How to Convey Empathy
In person, we naturally display empathy and active listening through gestures, facial expressions, and through our general energy. How do we convey this without that face-to-face interaction — when we’re behind a screen communicating with a customer?
Demonstrate active listening
In person, we communicate “active listening” with body language such as leaning closer, nodding our heads, having an open posture, or making steady eye contact 👀.
When speaking over the phone, we change our tone of voice, smile and use verbal affirmations (such as a simple “uh-huh” or “ahh”) to show we’re following along. To show that we’re really listening, certain kinds of phrases tend to make their way into the conversation.
- “Wow! That must be so…”
- “I understand how you feel…”
- “It sounds like…”
- “I’ve felt that way too.”
- “I can sense that you’re feeling…”
- “Let me see if I understand correctly…”
- “What I hear you saying is…”
The great news is that these same phrases that show empathy face-to-face can also be used to show support for a customer’s situation through text — whether it be in a reply to their emails, tweets, or Facebook messages. Here how we can show customers we hear them and care about helping:
Lean forward while typing
Our body language affects our writing. In preparation for an email or tweet that’s going to need great empathy, try to sit forward, as if leaning into the conversation (not back, as if feeling defensive).
Be honest and let them know we care
Simple phrases like “I hear you” or “I’m sorry” can quickly transform a conversation and begin to build a real relationship. If we goof, we ought to ‘fess up. If we don’t know the answer yet, we should go ahead and say so (and keep in touch until we do).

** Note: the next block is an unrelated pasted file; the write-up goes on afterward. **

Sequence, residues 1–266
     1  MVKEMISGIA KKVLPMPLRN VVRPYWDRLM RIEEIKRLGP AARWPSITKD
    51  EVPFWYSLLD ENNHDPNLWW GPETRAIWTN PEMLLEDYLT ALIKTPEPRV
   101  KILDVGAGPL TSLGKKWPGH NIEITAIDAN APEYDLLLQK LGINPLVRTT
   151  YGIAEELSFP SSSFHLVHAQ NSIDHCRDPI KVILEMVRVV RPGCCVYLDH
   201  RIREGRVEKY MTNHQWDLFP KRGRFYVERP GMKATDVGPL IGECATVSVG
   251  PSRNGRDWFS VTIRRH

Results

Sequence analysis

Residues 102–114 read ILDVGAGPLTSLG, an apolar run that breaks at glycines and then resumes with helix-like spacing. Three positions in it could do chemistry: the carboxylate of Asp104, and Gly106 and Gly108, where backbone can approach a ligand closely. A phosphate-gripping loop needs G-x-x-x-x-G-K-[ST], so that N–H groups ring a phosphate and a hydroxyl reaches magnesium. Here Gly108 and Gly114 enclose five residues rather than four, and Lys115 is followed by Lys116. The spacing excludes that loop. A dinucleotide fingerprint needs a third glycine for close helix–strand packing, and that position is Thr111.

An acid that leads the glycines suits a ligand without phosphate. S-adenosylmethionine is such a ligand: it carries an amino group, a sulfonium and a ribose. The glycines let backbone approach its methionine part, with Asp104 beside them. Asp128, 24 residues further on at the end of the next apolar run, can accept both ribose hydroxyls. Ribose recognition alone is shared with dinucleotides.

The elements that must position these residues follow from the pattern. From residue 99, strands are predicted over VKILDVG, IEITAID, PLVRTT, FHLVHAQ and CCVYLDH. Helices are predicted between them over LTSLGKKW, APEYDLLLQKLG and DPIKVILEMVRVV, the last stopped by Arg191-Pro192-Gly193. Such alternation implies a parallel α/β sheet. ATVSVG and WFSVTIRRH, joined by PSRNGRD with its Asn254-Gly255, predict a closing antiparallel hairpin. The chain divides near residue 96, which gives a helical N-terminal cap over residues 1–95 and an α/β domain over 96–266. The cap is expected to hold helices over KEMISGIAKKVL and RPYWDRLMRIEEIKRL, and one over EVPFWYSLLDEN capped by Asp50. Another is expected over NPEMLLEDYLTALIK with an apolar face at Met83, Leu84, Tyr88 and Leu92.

Use people’s names
It never hurts to use names when talking with people, even over social media. As Dale Carnegie says, “a person’s name is to that person the sweetest and most important sound in any language.”
Add a personal touch
Making it personal can help, too. Support teams can regularly add a personal touch by making sure to add their first names to their replies or comments (on Twitter especially). That way, people immediately feel like they’re talking to an actual person and not a talking to a wall or faceless brand.
Address the problem (and their feelings)
Naming the problem/topic specifically and addressing their feelings (especially if they’re frustrated or confused). This is a great opportunity to show that we’re listening, we recognize how they might be feeling, and that we’re working to understand them fully and bring about a speedy solution.
Re-read our message out loud
Re-reading our own reply out loud helps to identify areas where our tone could be improved.
Say thank you
Last but not certainly not least, don’t forget to say thank you! Expressing gratitude is a great way to show we’re listening.
Thanking someone for their patience while we find an answer for them, thanking ‘em for sticking with us while we work out a tricky issue, or just saying thank you for being an awesome customer can show that we’re genuinely interested in speaking with them and glad they took the time to reach out 😃